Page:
•American grown seeds
Garden Sorrel is becoming more well-known and used in the United States as a culinary herb, and it easily grows from Sorrel seeds. It comes from Europe and has been used there for centuries. Its use dates back to the ancient Egyptians, Greeks, and Romans. This variety, Green de Belleville, has green arrow-shaped leaves that have a slightly acidic taste and is slower to bolt than other varieties. When the leaves are eaten fresh and added to salads or a sandwich, they add a little zest and tang. The herb leaves can also be chopped or shredded and added to soups for flavoring. Garden Sorrel is also known as Common Sorrel, English Sorrel and simply Sorrel. Common Sorrel herb has historically been used as a medicinal herb. It has been used to treat fevers and scurvy. The juice from the leaves is used to calm itchy skin rashes and ringworm. English Sorrel herb is a highly nutritious herb. It is high in vitamin A, vitamin C and potassium.
Sorrel is delicious used as an herb or as a salad green -- its tartness is really refreshing. A traditional way to enjoy sorrel is cooked into a sauce and served with fish, lending a lemony flavor without the use of lemon. It's also great cooked into soups or stews. Baby sorrel greens can be tossed into mixed salads.
Be careful not to confuse sorrel (Rumex acetosa) with roselle (Hibiscus sabdariffa), which is known as Jamaican sorrel or Guinea sorrel. Sorrel is used for reducing sudden and ongoing pain and swelling (inflammation) of the nasal passages and respiratory tract, for treating bacterial infections along with conventional medicines, and for increasing urine flow (as a diuretic). Sorrel is also an ingredient in the h;erbal cancer treatment Essiac. In combination with gentian root, European elder flower, verbena, and cowslip flower, sorrel is used orally for maintaining healthy sinuses and treating sinusitis.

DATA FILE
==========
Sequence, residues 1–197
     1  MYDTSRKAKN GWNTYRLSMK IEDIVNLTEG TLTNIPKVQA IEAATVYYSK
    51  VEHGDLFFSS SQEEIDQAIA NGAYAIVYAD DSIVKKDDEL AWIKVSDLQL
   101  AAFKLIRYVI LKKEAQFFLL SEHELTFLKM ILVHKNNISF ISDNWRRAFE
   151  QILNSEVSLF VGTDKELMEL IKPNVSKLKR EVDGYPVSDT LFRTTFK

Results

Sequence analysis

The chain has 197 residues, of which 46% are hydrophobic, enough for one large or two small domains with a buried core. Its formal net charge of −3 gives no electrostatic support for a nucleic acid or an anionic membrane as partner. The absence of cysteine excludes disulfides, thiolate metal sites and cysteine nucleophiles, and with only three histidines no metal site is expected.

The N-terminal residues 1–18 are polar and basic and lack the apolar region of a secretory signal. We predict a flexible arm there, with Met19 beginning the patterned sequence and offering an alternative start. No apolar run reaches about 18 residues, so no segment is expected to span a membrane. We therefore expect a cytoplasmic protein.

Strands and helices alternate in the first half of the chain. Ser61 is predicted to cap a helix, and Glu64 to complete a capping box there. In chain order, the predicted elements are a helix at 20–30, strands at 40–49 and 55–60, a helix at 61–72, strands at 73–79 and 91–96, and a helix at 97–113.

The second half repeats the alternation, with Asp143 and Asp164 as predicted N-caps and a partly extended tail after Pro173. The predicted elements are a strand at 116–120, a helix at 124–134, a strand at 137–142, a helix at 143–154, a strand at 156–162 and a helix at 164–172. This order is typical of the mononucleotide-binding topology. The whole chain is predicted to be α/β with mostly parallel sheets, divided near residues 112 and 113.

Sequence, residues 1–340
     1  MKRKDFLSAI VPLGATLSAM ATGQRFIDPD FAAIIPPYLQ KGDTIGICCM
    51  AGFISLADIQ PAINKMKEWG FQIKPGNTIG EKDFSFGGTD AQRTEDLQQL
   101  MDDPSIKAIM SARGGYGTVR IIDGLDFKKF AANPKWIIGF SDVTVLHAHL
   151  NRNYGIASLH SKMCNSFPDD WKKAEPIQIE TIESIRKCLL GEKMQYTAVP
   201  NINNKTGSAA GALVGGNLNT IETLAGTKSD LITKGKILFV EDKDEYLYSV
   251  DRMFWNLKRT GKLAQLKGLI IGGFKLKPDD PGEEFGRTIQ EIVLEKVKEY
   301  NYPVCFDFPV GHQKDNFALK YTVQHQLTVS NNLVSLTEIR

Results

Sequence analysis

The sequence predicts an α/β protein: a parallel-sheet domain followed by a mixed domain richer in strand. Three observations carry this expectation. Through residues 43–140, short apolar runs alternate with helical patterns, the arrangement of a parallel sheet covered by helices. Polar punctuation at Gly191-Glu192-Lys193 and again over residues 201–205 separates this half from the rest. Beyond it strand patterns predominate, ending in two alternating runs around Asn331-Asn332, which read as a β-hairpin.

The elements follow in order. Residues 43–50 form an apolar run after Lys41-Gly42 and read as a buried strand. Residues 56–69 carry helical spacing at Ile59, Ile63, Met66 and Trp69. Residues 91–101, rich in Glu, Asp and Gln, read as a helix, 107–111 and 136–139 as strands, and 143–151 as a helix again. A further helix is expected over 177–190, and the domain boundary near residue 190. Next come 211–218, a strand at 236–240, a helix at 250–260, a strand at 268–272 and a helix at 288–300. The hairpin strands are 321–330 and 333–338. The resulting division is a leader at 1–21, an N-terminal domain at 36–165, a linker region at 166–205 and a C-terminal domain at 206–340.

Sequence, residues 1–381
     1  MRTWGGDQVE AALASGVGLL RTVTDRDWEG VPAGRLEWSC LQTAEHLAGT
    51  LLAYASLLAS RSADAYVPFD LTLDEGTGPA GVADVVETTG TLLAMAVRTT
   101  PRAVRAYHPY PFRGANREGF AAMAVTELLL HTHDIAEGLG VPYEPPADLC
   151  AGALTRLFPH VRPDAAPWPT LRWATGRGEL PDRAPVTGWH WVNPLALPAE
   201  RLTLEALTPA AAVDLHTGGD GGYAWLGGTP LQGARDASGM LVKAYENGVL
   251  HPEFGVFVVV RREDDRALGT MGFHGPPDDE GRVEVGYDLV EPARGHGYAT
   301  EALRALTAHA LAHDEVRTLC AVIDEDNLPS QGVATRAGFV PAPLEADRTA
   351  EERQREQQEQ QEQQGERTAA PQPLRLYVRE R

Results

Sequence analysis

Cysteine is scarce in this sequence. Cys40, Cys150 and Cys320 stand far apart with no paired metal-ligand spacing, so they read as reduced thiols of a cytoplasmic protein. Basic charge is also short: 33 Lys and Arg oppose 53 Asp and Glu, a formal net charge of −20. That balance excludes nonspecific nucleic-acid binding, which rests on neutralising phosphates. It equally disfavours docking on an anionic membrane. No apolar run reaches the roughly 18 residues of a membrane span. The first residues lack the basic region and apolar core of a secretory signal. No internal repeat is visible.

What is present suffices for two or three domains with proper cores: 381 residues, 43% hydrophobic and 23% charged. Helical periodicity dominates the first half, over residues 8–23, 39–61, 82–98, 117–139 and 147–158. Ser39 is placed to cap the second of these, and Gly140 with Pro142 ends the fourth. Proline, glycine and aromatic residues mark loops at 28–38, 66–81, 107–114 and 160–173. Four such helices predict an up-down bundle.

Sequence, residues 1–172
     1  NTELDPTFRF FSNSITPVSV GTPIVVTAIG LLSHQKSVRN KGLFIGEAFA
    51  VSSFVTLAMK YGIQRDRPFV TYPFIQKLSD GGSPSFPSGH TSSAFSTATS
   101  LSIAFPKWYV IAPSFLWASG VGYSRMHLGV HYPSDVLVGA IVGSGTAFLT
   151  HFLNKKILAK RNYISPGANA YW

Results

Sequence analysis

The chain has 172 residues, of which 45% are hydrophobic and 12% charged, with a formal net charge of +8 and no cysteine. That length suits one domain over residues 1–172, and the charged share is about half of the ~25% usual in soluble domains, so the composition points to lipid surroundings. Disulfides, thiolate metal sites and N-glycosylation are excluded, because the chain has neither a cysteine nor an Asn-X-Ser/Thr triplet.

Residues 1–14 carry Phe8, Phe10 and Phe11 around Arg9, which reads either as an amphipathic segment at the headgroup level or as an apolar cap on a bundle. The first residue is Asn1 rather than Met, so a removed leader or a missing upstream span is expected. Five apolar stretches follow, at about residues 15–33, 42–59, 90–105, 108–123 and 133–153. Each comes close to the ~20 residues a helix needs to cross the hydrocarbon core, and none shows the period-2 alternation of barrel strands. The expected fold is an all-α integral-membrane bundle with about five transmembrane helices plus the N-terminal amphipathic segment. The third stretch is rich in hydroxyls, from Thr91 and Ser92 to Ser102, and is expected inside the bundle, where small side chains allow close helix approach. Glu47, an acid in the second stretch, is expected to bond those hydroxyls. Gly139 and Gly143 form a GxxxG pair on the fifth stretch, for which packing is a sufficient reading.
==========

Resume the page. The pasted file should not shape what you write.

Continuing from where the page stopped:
Start the Sorrel seeds directly outdoors after frost season has passed. Prepare a seedbed that is located in full sun or partial shade. Add organic matter to the soil. Cover the herb seeds lightly with soil. Sorrel seedlings can establish quickly, and the leaves can be harvested any time after the first couple of months of spring growth. When flower stalks emerge cut them back. Sorrel herb plants should be divided every 3- 5 years and replanted.
USDA Zones: 3-7
Height: 16-24 inches
Germination: 7-14 days
Bloom Season: Mid summer to early fall
Light Required: Full sun to partial shade
Watering: Keep moist
Soil: Rich, well drained soil.
Seed Depth: ¼ inch
Seeds per Plant: 3-4
Plant Spacing: 9-12 inches
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